Interestingly, while the congressional leadership were consistently caving to pressure from the White House on issues such as homosexual adoption and parental notification for minors receiving contraception, they stood firm on federal testing. This is due largely to the efforts of home schooling families all over the country who worked tirelessly last year to make sure that the Goodling amendment was placed in the FY98 appropriations for the Department of Education. Congressional leadership saw the dedication that home schoolers have to protecting their freedoms, and honored that dedication during the long budget negotiations with the White House. (See sidebar on the omnibus bill.)

Actual Language
     Instead of a one-year, temporary testing ban like the one we were able to pass as part of the FY98 Appropriations bill in 1997, the language included in the Omnibus FY99 Spending bill is a prohibition on national testing imbedded in the General Education Provisions Act. This means it is permanent federal law and cannot be changed unless explicitly done so by Congress.
     The actual language in the bill states:

    SEC. 447. PROHIBITION ON FEDERALLY SPONSORED TESTING.

    (a) GENERAL PROHIBITION.—Notwithstanding any other provision of Federal law and except as provided in subsection (b), no funds provided to the Department of Education or to an applicable program, may be used to pilot test, field test, implement, administer or distribute in any way any federally sponsored national test in reading, mathematics, or any other subject that is not specifically and explicitly provided for in authorizing legislation enacted into law.

NAGB Efforts Continue
     Despite the fact that there is now a prohibition on national testing imbedded in the General Education Provisions Act, the National Assessment Governing Board (NAGB) retains some authority over developing national voluntary tests. That authority is based on a pre-existing contract (RJ97153001) that NAGB entered into with the American Institutes for Research last summer to begin limited development of test items. In light of the current prohibition, House Education Committee staff say that it appears unlikely that NAGB would seek to renew the contract.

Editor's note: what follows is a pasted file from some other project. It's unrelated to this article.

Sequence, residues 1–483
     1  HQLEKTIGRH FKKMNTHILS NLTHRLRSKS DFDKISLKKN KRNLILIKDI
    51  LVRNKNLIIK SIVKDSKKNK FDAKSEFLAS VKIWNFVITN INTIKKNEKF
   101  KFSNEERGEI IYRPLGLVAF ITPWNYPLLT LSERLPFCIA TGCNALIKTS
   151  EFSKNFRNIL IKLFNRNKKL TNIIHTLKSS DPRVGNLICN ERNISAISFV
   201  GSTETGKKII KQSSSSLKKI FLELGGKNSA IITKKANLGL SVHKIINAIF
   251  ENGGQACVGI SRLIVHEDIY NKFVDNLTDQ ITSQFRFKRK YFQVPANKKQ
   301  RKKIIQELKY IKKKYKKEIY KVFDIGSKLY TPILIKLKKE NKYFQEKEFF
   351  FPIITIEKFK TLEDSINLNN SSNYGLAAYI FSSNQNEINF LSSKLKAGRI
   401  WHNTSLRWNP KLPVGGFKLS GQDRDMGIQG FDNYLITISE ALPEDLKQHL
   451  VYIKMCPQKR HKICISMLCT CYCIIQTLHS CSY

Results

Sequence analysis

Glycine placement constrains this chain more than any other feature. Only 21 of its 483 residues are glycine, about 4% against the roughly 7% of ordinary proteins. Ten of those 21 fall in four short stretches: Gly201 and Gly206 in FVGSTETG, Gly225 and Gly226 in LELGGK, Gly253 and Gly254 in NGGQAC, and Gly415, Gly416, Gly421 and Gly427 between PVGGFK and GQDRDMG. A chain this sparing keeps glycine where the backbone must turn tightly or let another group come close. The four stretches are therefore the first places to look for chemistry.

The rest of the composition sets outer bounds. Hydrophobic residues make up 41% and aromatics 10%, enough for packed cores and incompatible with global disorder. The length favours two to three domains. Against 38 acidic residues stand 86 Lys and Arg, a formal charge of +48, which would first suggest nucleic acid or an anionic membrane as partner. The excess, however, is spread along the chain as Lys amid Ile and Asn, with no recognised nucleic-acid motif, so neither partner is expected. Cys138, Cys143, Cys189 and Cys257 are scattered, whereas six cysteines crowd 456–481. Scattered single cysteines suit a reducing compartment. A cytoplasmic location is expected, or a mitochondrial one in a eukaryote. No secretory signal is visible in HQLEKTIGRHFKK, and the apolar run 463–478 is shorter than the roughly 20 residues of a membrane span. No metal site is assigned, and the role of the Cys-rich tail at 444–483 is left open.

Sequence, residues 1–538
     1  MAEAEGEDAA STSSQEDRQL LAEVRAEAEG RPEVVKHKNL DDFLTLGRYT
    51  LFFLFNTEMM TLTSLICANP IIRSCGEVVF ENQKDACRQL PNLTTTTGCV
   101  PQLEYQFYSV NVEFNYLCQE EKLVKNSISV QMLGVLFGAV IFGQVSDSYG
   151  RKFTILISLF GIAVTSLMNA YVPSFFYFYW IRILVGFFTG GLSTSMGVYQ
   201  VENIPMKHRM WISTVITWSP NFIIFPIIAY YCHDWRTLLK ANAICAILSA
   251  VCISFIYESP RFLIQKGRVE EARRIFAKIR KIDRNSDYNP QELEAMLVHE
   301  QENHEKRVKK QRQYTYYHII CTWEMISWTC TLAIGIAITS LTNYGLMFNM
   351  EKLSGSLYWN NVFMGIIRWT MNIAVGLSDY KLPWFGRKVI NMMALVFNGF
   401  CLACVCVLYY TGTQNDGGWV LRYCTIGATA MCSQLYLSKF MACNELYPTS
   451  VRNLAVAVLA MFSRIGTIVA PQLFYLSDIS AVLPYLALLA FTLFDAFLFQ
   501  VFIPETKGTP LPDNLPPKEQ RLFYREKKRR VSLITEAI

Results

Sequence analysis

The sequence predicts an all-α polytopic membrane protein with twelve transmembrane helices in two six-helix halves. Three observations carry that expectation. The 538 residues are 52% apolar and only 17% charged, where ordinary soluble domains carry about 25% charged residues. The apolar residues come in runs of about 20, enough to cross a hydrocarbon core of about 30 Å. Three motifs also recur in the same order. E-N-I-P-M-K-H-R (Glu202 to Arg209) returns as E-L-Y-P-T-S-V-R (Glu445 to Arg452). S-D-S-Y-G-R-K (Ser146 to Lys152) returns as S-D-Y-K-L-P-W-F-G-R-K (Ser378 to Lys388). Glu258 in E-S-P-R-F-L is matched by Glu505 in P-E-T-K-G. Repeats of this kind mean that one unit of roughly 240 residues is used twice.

To continue its role in national testing NAGB is now required to “clearly articulate in a report the purpose and intended use of any proposed federally sponsored national test.” The report must also include a definition of the term “voluntary” for purposes of the test, and a description of achievement levels and reporting methods. The report is due by the end of the current fiscal year and must be submitted to the White House, the House Committee on Education and the Workforce, the Senate Committee on Labor and Human Resources, and both Appropriations committees.
     In addition, NAGB must respond to a National Academy of Sciences (NAS) study released September 24, 1998, which reported that the National Assessment of Educational Progress (NAEP) achievement levels are fundamentally flawed. This is of great importance since the proposed federal tests would be based on the NAEP framework.
     The National Academy of Sciences must also conduct a study of the feasibility, validity, and reliability of imbedding test items from NAEP or other tests into state and district assessments as another way of determining individual academic progress.
     It is important to note that, while limited development work will continue this year, NAGB cannot, “pilot test, field test, implement, administer or distribute in any way” a federally sponsored national test.

United We Stand
     We are pleased that the congressional leadership stood with us on this important home school freedom issue. “Indeed the testing prohibition is a victory for home schoolers,” concluded Christopher Klicka, Executive Director of the National Center for Home Education.
     “We praise God for His faithfulness to us, and we thank home school families across America for all their efforts,” added HSLDA President Mike Farris. “It was the thousands of phone calls and letters that created the momentum to carry this measure through.” Proverbs says, “the desires of the diligent are fully satisfied.” (Proverbs 13:4) The battle over national testing has proven once again that the home school community, uniting with our friends in the private school community and others, can be victorious against great odds.
     Why? Because we have a clear understanding of constitutional limits of the federal government over education and the risks associated with the imposition of any national test, we are focused on the biblical mandate to love our children diligently, and we trust God for our ultimate victory.

R E L A T E D   I T E M S

National Testing Time Line
What were the risks of a national test?
Victory Letter from Bill Goodling208 kb - Adobe Acrobat required to view this file.
A Mixed Bag: The 1999 Omnibus Appropriations Bill